Last month I shared the idea of “anchor & twist” when it comes to marketing. You need to anchor your new product to an existing idea so that people will understand what you have, and then you can twist them to the new benefits that your product can bring.
The same can work for your memory.
If you can anchor a new piece of knowledge to something that you already understand, it will be much easier to recall it in the future. In his book Limitless, author Jim Kwik put it this way:
“To remember any new piece of information, you must associate it with something you already know.”
An article from The Guardian a few years ago takes this even further:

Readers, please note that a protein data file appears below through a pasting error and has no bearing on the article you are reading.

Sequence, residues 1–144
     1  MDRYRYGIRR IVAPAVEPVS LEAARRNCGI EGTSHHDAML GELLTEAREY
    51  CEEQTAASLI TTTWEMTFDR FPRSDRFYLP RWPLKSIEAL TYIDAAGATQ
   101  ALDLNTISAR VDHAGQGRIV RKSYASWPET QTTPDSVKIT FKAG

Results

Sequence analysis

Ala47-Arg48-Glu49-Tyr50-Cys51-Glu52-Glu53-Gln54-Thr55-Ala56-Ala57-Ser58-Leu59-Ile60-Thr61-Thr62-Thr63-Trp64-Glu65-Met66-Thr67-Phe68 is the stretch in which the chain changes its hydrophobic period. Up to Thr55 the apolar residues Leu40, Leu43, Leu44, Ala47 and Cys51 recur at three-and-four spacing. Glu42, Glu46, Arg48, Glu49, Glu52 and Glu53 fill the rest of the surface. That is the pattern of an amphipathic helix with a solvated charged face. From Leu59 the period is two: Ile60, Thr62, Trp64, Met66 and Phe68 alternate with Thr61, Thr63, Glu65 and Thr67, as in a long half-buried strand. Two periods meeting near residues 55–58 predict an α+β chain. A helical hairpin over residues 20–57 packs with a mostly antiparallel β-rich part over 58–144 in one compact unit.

Always recall related knowledge actively when you’re learning new information. For example, if your task it to learn about the current situation in a certain country, recall what you already know about its history.
Don’t be tempted to look everything up immediately – even though Google has made that so easy. Take some time to retrieve what your own brain has stored about the topic first, even if it doesn’t relate directly to what you’re studying.
The key is to make this intentional. From that same article, they say “We do not always consciously make use of what we already know when we try to learn new information.” Our brains will do it to some degree automatically, but taking a brief moment to intentionally focus on that connection can help with long-term memory to a huge degree.
I’m a believer in a brute-force style of memory in a lot of ways, but some simple tricks can take whatever method you use and make it even better.